Huw Thomas 13DT affluence was still spreading, even in 1959, and Macmillans administration were associated with this, further contributing to their success between the years 1951-1964.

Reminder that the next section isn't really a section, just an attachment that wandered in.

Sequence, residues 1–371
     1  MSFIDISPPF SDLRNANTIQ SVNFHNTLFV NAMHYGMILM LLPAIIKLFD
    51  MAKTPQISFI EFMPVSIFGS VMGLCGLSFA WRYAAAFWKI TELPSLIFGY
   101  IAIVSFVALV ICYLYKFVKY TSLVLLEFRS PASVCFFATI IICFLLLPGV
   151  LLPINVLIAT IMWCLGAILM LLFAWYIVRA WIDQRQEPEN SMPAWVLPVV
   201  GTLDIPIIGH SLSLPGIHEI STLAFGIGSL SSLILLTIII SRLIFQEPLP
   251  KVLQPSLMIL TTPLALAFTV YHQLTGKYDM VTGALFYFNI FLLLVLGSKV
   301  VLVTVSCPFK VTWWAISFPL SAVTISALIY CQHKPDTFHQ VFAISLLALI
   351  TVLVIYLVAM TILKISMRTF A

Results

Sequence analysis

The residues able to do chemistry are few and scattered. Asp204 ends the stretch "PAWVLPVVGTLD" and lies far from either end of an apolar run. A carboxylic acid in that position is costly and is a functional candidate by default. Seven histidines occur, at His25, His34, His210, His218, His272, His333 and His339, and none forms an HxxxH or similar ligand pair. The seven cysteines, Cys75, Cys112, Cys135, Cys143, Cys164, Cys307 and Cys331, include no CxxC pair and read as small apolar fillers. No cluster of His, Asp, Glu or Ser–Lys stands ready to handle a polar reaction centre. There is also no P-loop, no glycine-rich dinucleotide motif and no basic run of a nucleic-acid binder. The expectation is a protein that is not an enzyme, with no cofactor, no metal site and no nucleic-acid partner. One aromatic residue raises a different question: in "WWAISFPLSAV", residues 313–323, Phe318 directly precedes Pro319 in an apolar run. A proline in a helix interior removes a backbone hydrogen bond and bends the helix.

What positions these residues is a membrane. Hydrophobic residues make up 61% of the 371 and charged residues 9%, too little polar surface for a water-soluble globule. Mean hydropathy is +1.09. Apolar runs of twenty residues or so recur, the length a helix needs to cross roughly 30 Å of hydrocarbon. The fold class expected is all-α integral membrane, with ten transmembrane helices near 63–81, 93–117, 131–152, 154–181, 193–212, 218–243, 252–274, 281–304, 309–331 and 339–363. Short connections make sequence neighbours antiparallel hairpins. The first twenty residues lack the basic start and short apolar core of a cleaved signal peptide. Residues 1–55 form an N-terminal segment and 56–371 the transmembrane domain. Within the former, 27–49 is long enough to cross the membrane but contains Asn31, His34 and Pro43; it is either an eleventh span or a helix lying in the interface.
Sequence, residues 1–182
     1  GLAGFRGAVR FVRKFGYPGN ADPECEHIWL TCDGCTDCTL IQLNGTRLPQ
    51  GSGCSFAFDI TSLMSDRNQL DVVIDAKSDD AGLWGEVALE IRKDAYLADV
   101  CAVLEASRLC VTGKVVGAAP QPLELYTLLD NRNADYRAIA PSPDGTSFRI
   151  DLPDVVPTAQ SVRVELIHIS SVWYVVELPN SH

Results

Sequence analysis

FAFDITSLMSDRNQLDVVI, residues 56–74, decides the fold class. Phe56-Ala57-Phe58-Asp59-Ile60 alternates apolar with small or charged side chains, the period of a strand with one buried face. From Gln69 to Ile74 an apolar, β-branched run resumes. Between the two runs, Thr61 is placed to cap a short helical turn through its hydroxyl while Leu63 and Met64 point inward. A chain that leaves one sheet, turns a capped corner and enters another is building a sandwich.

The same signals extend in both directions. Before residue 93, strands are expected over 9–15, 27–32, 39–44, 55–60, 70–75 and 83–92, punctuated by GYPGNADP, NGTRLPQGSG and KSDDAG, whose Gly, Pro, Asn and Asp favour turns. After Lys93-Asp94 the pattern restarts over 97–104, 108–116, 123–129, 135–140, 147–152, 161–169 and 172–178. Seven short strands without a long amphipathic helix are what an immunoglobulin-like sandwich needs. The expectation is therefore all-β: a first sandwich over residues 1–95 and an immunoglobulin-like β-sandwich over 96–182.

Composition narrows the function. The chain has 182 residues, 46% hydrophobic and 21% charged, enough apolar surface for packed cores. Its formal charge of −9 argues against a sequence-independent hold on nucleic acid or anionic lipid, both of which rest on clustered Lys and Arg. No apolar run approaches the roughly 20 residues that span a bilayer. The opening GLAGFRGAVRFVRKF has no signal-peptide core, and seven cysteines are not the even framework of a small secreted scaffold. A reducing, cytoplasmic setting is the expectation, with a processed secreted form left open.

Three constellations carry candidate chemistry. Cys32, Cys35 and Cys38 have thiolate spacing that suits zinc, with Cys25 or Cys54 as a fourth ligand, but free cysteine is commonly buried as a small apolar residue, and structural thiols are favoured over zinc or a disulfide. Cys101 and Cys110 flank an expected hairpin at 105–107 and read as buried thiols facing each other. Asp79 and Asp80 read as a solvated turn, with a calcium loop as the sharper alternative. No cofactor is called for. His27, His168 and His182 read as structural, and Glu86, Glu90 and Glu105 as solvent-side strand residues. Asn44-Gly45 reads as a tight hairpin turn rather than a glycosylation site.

Conclusively, there are a magnitude of reasons that suggest that it was Labours political rifts, such as the infighting between Bevanites and Gaitskellites over prescription charges, alongside conflicting views between the Labour left and centre/right-wing politicians over the role and nature of the Party that ultimately led to Labours inability to provide a viable alternative to the electorate. However, historians such as Lynch postulate that the Conservative supremacy between the years 1951-64 was because the Conservatives offered attractive economic and social policies, which were in tune with public opinion. Additionally, the outstanding abilities of key Conservative figures such as Churchill and Macmillan, to spearhead the Party in the direction of success in British Politics was vital in the Conservative ascendency of this era. Alternatively, economic historians such as Marr uphold the opinion that the prosperous economic environment provided a solid fundamental voting base for the Conservatives as they were directly associated by the electorate for increases in living standards and disposable incomes, as well as the overwhelming ability to purchase consumer credits due to the availability of credit.